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Rosalynda Thorn's picture

Working moms are never off the clock. Our working days are bookended by packing kids’ lunches in the morning and reading bedtime stories at night. We put in a lot more than a full day’s work and every dollar we work for is hard earned. This is even more true for military families like mine. We know that every moment and penny counts and we gladly accept all the help we can get.

When my husband was enlisted in the U.S. Air Force for ten years money was tight. He was serving his country while making pennies and I was a stay-at-home mom. When we had our son we qualified for WIC and still managed to use up all the formula before the end of month. People don’t realize how little our Armed Forces earn each year—it’s appalling. The men and women putting their lives on the line defending our country are in fact living paycheck-to-paycheck. Lucky for us there were supports like the Earned Income Tax Credit (EITC) and Child Tax Credit (CTC). We used that money to pay our mortgage and bills. Our son’s daycare was very expensive and our monthly electric bill was sky high! We live a very modest life, well within our means. Even so, the EITC and CTC has been something we really counted on. Even now that we have both returned to civilian life, these tax credits give us a boost.

My story is not unique. For more than 21 million working moms across the country, including 1 in 4 military and veteran families, the EITC and CTC are important tools that help them make ends meet. By offsetting payroll and income taxes, these credits support work, increase wages, and reduce poverty. The EITC and CTC provide money that helps families like mine afford rent, gas, shoes for our children, and other necessities. When we make those purchases, we are also funneling money back into our local economy, which sorely needs it. In fact the EITC pumped about $7.3 billion into the California economy in 2012! That’s a big deal!

A program that boosts moms' household budgets and our state’s economy is an incredible success story on its own, but evidence also shows that the EITC and CTC have long-term benefits for moms and their kids, affecting their health and education.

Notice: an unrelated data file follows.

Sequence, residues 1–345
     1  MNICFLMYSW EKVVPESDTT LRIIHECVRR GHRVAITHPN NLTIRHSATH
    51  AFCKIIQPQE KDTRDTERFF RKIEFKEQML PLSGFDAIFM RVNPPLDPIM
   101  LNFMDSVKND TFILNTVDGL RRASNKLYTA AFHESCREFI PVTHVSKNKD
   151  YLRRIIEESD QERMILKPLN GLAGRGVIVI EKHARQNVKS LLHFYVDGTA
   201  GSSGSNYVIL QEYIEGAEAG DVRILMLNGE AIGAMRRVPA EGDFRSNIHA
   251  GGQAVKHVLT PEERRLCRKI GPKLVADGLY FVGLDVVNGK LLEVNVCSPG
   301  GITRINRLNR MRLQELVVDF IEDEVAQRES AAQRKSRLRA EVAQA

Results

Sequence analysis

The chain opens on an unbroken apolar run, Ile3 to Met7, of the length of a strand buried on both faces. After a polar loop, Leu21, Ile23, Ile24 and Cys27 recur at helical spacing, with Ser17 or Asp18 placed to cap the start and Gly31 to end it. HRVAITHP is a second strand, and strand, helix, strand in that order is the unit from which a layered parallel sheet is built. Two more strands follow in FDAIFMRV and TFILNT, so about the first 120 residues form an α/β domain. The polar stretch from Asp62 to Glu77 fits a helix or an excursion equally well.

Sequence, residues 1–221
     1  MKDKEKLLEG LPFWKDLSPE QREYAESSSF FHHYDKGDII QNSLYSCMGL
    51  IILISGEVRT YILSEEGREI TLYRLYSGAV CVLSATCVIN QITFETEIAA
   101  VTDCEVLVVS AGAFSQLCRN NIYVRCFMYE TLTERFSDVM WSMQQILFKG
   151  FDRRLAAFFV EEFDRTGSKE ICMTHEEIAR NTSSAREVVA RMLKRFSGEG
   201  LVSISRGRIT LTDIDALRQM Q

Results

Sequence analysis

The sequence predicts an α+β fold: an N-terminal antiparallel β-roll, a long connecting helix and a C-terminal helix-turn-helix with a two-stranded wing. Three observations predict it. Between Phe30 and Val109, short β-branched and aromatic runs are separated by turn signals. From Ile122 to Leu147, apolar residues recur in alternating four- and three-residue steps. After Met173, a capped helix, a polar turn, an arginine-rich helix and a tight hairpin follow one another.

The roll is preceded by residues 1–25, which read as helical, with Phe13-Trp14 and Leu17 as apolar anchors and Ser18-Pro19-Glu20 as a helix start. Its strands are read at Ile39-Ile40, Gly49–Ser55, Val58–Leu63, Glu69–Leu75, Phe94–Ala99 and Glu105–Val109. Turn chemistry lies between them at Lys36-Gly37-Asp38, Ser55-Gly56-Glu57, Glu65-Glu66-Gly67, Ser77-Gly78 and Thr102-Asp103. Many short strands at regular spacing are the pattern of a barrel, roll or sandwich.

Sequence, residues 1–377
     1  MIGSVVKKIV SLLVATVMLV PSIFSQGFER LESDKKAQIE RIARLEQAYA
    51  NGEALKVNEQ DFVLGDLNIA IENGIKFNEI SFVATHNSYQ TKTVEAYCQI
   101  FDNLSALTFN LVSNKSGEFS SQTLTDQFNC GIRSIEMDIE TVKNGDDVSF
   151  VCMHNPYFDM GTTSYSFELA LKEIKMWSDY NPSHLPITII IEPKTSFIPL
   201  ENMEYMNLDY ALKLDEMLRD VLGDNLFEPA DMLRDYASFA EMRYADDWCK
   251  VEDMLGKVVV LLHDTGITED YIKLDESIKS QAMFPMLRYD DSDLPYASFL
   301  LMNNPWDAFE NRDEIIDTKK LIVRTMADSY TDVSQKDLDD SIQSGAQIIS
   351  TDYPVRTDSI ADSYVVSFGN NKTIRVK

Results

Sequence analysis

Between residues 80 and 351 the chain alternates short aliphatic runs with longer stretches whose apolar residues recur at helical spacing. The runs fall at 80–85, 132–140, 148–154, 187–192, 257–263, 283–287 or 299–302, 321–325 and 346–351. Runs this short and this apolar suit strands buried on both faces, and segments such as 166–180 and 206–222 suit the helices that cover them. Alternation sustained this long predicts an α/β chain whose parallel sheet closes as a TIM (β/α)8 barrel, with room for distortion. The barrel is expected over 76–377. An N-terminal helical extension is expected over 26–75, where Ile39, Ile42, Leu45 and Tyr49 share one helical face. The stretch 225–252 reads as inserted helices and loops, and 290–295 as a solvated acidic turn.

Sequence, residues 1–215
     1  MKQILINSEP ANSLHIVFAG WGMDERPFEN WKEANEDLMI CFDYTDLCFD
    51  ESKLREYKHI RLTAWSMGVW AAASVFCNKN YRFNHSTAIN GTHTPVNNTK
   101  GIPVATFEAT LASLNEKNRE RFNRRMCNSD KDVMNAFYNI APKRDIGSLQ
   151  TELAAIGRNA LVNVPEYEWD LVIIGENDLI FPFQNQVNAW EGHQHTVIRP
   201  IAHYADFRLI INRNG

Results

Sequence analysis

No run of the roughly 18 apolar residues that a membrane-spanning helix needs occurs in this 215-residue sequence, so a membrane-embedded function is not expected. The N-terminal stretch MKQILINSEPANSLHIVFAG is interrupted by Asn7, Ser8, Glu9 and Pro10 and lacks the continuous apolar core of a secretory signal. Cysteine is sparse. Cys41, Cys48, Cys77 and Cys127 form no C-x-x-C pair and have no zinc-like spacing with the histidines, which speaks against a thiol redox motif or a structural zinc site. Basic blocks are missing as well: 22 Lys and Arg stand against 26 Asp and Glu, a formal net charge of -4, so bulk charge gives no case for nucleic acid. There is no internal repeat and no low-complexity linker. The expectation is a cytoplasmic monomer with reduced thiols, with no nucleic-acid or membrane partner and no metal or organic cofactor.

For all these reasons I was deeply concerned when I found out that unless Congress acts soon, millions of families will lose some or all of the important benefits they receive from the EITC and CTC when key provisions of the programs expire at the end of 2017.

If Congress doesn’t act, about 1 million veteran and military families would lose all or part of their tax credit, and 3.7 million people in California, including 1.7 million children will be pushed into poverty. We need to prevent this.

2017 might seem like a long time from now but opportunities are presenting themselves now to make sure families are not taxed into poverty.

Senators Boxer and Feinstein will participate in major tax legislation negotiations this fall. Some members of Congress are already saying they want to consider tax breaks for wealthy corporations. I think they also must do something for California families and protect the EITC and CTC. Passing tax breaks for wealthy corporations but not working families just won’t cut it for California moms!

The EITC and CTC helped us make ends meet when we were struggling and we were extremely grateful that these tax credits were available to us. Eliminating these tax credits now would hurt so many hardworking families.

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